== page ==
Plastic free bid in Bridgend could see wheelie bins brought in
Bin bags could be banned from the kerbside and wheelie bins rolled-out across Bridgend to make the county plastic-free, it has been suggested.
The idea will be scrutinised by a Bridgend council committee which will look at the issues of such a move.
There are no firm plans to follow this through but but in order to "fully move away" from single-use plastics a report said it would have to scrap bin bags and replace them with bins.
Any change would cost about £1m.
- Is it easier or harder to live without plastic than 10 years ago?
- Bid launched to make Anglesey a 'plastic free' county
- Do we use 8.5 billion straws a year in the UK?
Other suggestions in a bid to move towards becoming one of the first plastic free counties in Wales, include:
- Getting businesses to stop using polystyrene packaging and replacing it with cardboard or 100% recycled plastic containers
- Encouraging all bars and restaurants to offer free refills of water, by signing up to the re-fill app
- Getting count staff on election nights to bring their own mugs, or buy a mug with proceeds going to charity, to cut down on the use of disposable cups
According to the report, which will go before the council committee on Monday, 2,109 tonnes of plastic are recycled from kerbside collections in Bridgend every year.
An extra 1,197 tonnes, including children's toys and garden furniture, are taken to tips, where they are recycled.
Last year changes to bin collections in Bridgend saw homes with fewer than five occupants limited to throwing out just two bags of non-recyclable rubbish every fortnight.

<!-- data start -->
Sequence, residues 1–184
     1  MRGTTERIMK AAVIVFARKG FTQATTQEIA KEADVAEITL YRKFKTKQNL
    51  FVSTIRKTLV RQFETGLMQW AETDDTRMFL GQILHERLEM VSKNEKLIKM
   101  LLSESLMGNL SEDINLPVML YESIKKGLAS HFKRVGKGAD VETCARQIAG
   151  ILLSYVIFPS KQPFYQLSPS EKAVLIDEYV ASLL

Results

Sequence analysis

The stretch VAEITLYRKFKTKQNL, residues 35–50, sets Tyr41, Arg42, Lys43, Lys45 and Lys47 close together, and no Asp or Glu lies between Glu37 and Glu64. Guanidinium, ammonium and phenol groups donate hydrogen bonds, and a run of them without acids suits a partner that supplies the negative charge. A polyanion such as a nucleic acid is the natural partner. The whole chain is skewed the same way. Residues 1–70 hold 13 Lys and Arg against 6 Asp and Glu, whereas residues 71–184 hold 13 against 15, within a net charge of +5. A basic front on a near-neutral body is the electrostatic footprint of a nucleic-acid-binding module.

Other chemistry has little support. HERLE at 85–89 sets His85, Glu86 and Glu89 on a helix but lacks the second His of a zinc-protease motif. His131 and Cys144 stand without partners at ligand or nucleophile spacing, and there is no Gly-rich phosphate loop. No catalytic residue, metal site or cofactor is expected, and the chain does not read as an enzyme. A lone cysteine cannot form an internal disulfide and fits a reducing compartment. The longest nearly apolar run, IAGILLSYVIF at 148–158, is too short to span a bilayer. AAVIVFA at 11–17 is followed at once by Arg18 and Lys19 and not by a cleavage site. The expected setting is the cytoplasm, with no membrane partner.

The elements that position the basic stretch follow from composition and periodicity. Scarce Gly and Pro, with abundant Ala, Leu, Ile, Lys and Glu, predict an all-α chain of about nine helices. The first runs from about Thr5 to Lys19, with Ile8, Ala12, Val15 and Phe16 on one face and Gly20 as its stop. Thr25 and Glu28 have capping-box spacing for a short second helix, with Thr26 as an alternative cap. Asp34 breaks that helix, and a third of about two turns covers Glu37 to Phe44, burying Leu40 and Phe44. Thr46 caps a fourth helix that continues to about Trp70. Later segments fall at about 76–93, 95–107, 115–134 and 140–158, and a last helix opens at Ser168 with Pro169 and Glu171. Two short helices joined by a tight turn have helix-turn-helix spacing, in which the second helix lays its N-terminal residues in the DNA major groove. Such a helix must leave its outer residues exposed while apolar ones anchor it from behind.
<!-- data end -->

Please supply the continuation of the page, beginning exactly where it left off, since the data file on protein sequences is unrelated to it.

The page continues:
The controversial changes sparked complaints about pests, odour and missed collections.
But the authority said the scheme, run by private contractor Kier, had led to an increase in recycling from 58% in 2016-17 to 68.5% in 2017-18.
It now says if it is to become fully plastic free further changes would have to be made to the way rubbish is collected in Bridgend.
"To embrace fully a move away from single use plastics would realistically involve a move to a wheeled bin waste collection system, which was a consideration previously discounted in the build-up to the new waste collection system," it reads.
Bridgend joins other authorities who are considering becoming plastic free following a rise in concern about the impact of plastic pollution on our oceans, following the airing of BBC documentary Blue Planet II.
On Tuesday Newport council will consider whether to encourage businesses to use paper bags and scrap the use of plastic knives and forks in a bid to start reducing the use of plastics across the city.
Last month Chepstow, in Monmouthshire, joined Aberporth, New Quay and Aberystwyth, all in Ceredigion, as one of the UK's 301 plastic-free communities designated by Surfers Against Sewage.
But the banner over the 13th Century archway in the town was slated as it was made of plastic.